“It's easy for me to remember that every time I look-but-don't-really-look for men to have an affair with, I find myself looking at someone who is like my husband: I still love him.”

    No. You care deeply about him. But you don’t love him. You love some concept of what you NEED him to be. There is nothing worse in the world than being needed by someone. Far better to be wanted than required. Seeking an affair should have been a telltale for you. Instead you criticize him because he doesn’t change after couple’s therapy.

    “So all I can do is think while he thinks. I think about the research about how a career does not make people happy.”

    And the end of your marriage proves it.

  38. Marcia says:

    Adrian L. Thank you. That needed to be said.

  39. Meaghan says:

    Wow. I think it is interesting so many people are quick to jump to the defense of Mr. Penelope Trunk without really knowing anything about the situation. Lots of concern for his privacy, and his honor, and so on. But, I’d bet the two best people to know that are in counseling. Adrian, didn’t you see any tongue-in-cheek humor in Penelope’s I’ll have one last hurrah comment? Nancy, those observations re: divorce are exactly what keep me trying. Very cool to see….

  40. Andrea says:

    Meaghan – Great comment. I was just about to address the tongue-in-cheek humor. What is so refreshing about Penelope Trunk’s blog is that she puts her faults right out there for our review and discussion – she does not write as if she is above her own advice. Her blunt writing style makes it obvious that she is AWARE of what she is doing and thinking, which is so important. I don’t think she needs anyone to tell her that trying to change another person into what you want is a futile and unrewarding pursuit. But she is acknowledging, perhaps, that she still tries sometimes and/or she is also the one unable or unwilling to change. It’s brilliant.

    Lastly, why should she have to ask her husband’s permission to write about her experience? This is her story, her perspective. If her husband doesn’t like it, or suffers because of it, that is not something she can control. Actually, that’s the most important thing I learned in high school: You can only take responsibility for your own experience. I’m certainly not encouraging NOT telling her husband (any communication is good communication at this point, I think), but I wholeheartedly disagree that she needs to check with her husband first when she writes.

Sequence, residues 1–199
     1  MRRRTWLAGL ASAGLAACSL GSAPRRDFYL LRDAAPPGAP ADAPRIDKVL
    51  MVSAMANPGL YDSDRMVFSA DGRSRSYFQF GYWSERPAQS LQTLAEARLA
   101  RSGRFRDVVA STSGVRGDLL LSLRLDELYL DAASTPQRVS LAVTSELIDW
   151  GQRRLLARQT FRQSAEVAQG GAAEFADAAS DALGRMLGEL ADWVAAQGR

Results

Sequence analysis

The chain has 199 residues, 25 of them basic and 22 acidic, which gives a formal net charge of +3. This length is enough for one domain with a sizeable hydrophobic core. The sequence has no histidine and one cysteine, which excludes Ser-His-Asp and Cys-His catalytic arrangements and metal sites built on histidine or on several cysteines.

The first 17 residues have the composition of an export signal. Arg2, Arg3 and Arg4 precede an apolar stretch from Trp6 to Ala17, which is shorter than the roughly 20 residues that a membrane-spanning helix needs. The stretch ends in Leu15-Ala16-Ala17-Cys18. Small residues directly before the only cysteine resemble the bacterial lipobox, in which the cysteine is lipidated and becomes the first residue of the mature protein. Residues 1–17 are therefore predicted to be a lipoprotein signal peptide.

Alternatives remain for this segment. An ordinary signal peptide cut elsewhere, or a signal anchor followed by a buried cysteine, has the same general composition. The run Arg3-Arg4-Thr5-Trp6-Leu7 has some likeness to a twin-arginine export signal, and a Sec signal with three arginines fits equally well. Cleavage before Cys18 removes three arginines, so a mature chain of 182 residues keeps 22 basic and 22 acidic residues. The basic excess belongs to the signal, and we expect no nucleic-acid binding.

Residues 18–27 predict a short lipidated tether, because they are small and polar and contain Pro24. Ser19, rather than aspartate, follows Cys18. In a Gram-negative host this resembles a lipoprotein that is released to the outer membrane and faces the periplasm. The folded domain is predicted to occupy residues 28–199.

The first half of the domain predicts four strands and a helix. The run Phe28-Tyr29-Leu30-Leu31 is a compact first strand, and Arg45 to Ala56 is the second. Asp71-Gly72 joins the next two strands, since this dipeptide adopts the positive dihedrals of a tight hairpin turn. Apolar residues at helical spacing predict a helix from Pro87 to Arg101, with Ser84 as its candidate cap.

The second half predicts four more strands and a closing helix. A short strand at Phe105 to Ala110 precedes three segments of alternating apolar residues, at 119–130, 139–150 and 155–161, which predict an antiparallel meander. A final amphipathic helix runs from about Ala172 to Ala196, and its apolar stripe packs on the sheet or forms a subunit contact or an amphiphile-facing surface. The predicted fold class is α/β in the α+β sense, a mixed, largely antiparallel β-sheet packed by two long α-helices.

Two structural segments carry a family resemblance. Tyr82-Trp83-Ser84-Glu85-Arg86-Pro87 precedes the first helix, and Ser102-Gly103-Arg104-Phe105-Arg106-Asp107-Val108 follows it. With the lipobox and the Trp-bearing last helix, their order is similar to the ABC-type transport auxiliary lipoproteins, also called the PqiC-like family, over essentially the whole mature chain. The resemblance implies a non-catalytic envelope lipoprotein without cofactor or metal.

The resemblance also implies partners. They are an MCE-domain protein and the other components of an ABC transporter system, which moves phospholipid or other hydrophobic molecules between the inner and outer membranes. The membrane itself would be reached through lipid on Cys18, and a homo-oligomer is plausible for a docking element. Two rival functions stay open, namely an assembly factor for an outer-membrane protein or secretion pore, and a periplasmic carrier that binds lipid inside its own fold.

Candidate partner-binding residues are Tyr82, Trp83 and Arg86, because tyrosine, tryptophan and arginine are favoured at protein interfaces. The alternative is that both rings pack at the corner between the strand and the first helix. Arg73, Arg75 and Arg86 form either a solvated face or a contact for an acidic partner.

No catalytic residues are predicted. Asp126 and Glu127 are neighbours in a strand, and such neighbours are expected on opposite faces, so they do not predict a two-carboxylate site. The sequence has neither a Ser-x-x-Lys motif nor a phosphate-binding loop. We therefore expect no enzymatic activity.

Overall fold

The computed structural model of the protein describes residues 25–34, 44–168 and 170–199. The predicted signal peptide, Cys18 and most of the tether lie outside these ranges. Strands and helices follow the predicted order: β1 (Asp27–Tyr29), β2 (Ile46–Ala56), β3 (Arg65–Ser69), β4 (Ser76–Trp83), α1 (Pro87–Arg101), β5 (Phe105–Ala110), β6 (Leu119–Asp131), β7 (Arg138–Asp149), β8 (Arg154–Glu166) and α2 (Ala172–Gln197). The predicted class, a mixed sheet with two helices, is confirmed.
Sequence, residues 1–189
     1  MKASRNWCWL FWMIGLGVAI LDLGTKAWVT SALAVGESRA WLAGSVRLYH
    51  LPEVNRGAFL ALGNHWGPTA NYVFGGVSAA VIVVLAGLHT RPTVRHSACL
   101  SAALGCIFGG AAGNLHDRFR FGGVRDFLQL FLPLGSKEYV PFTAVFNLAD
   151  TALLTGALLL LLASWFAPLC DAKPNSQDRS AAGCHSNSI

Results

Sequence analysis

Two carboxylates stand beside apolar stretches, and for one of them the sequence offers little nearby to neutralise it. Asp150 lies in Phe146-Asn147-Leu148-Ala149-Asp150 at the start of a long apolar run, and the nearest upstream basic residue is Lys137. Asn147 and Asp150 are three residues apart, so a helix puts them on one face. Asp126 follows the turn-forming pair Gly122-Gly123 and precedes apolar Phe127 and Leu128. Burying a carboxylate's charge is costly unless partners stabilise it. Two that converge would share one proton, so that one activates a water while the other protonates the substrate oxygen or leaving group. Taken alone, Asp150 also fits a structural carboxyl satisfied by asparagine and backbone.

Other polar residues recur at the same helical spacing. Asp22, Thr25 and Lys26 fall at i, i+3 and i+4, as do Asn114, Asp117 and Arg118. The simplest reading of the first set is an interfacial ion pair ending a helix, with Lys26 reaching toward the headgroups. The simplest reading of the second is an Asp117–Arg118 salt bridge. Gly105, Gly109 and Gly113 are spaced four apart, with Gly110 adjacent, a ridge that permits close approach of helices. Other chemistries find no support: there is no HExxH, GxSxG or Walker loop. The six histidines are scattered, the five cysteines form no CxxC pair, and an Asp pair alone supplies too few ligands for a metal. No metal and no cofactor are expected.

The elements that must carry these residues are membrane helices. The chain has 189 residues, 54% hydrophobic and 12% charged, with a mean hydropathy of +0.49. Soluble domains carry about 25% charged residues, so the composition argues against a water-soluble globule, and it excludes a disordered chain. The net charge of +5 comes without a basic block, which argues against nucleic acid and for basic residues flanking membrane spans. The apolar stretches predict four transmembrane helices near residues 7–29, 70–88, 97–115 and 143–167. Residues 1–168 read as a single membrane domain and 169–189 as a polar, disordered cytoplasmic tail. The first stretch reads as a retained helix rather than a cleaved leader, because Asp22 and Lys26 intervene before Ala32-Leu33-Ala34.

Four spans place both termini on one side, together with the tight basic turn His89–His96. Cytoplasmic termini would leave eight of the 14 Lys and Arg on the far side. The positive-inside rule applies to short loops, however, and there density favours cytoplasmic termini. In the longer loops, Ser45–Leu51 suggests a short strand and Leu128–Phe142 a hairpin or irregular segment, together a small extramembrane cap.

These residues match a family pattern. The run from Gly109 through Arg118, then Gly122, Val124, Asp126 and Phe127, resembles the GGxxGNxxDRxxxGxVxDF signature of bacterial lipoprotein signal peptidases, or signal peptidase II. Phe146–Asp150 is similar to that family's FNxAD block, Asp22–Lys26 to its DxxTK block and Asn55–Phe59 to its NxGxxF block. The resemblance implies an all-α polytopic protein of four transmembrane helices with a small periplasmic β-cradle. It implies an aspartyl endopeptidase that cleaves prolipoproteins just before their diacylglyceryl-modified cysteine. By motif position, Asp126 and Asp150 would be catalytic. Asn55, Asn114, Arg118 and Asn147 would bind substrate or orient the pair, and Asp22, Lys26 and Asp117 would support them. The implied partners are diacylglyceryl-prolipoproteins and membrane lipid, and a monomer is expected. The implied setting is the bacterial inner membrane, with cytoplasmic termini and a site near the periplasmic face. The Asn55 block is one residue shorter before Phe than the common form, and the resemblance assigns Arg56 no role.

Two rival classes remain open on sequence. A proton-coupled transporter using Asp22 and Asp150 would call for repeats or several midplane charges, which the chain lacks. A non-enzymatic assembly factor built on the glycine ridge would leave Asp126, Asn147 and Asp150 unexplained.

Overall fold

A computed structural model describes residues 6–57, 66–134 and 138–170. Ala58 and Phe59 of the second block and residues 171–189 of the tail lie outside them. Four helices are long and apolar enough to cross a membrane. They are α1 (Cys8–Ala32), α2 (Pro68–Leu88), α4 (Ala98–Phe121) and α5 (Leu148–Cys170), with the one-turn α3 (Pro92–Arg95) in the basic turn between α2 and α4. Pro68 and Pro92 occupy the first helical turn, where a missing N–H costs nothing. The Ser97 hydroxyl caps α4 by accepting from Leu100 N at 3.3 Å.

Love the discourse everyone! Keep it up!

  41. Steve says:

    I hope you make it this far down in the comments (40 and counting…) to read what I have to say. First, your candor is wonderful – you will help thousands if not millions with what you do through this and all your other writing. Second, my wife and I nearly split 12, 13 years ago – one career exploding and two dying parents and an affair will do that. We fought back and won. How? We learned how to do everything all over again with a single minded faith in getting back to the love we had when we started. We constantly said “we were in love once” so we can be again.

    We won, and that is exactly the word for it. Victory. Hard fought, gut wrenching, but oh so worth it victory. There is no more important battle than the one you are in. God Bless, Steve

    * * * * * *

    Hi, Steve. I got here. I read all the comments. I read all the comments every day, but today especially. I am touched by all the caring and kindness.

    I like how you say that you won. This is how I know I will feel when I come out of this with my marriage in one piece. I will feel like it’s a huge victory. I will jump up and down and tell people how hard I worked at this. I like that you are cheering for your own victory here. You are a good role modle for where I want to be.